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In the 'Venice of the East,' a history of diversity

Basra was once known as a teeming port city that boasted a mix of culture and religion.

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For Iraqis, Basra is "Thagher el-Iraq," meaning Iraq's mouth. For Basrawis, as the province's natives are known, it's the "Venice of the East," with its meandering canals and gondola-shaped boats decorated with flowers that once carried newlyweds and lovers.

To Basrawis, with their distinctive and strong sense of southern identity, known as janoubiyah, their city is the equivalent of New York City and, they will tell you, has been unjustly playing second fiddle to Baghdad.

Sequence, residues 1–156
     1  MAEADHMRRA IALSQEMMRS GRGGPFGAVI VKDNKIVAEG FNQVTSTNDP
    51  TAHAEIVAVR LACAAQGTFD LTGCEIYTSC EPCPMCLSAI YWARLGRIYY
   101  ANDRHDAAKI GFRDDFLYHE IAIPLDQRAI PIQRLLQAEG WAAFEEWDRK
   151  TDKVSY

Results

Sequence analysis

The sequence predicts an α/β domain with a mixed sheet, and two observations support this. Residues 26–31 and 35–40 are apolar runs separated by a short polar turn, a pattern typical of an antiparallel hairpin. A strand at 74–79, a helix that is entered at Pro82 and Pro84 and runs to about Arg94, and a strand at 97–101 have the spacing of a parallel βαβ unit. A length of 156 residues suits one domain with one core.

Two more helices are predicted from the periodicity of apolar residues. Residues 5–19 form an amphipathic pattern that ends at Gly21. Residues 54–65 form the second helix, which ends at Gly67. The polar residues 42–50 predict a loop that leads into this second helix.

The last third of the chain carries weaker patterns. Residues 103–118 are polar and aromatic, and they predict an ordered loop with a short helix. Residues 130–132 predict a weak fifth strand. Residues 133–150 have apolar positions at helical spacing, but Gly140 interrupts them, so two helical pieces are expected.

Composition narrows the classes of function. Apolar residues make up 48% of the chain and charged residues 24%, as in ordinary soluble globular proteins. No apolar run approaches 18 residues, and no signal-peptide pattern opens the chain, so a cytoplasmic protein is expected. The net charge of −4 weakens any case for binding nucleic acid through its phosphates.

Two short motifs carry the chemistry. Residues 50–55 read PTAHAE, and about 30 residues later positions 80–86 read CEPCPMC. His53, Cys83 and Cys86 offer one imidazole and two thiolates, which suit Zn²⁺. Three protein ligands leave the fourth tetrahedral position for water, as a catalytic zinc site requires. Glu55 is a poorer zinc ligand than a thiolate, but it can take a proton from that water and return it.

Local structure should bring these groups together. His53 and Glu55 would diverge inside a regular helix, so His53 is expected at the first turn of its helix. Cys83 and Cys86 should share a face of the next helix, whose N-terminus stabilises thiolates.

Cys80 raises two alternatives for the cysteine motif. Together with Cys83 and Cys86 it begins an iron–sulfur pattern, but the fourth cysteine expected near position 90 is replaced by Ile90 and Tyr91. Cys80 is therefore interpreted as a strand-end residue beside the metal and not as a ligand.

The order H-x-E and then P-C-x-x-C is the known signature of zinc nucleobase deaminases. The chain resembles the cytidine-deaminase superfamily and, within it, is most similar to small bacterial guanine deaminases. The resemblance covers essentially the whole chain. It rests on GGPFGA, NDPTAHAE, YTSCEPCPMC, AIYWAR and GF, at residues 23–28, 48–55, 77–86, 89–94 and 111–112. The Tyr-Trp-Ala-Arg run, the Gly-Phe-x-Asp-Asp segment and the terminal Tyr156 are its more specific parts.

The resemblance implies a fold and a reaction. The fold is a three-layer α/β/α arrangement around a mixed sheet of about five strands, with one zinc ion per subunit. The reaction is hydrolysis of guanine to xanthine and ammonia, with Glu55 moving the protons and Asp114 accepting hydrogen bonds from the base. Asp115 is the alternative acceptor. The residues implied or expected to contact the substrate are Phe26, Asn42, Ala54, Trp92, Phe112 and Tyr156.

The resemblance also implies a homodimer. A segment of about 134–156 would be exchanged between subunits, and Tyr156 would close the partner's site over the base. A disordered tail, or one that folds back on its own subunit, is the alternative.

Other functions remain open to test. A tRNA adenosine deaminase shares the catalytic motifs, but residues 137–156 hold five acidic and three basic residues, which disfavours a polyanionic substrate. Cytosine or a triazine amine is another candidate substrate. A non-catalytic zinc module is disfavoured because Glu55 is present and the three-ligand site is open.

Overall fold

Basra Province has the bulk of Iraq's gigantic oil reserves, estimated at more than 200 billion barrels. It's a major trade and commerce hub on the Persian Gulf. The legendary globe-trotting Sinbad the Sailor character from the "One Thousand and One Nights" fables called Basra home. The city's cosmopolitan flair is evident in its people, cuisine, dance, and the music that once echoed on its streets.

The city was once full of different religious groups: Shiites, Sunnis, Christians of all sects, ancient communities like the Sabean Mandaeans, Armenians, and Jews. But most, other than the Shiites, have left.

Basra was also home to some of Iraq's most beloved writers and poets, such as Badr Shakir al-Sayab.

The native cuisine is fish cooked with Indian spices, influenced by Gulf Arab neighbors. A favorite winter dish is chopped spinach stew, known as sabzi, from neighboring Iran.

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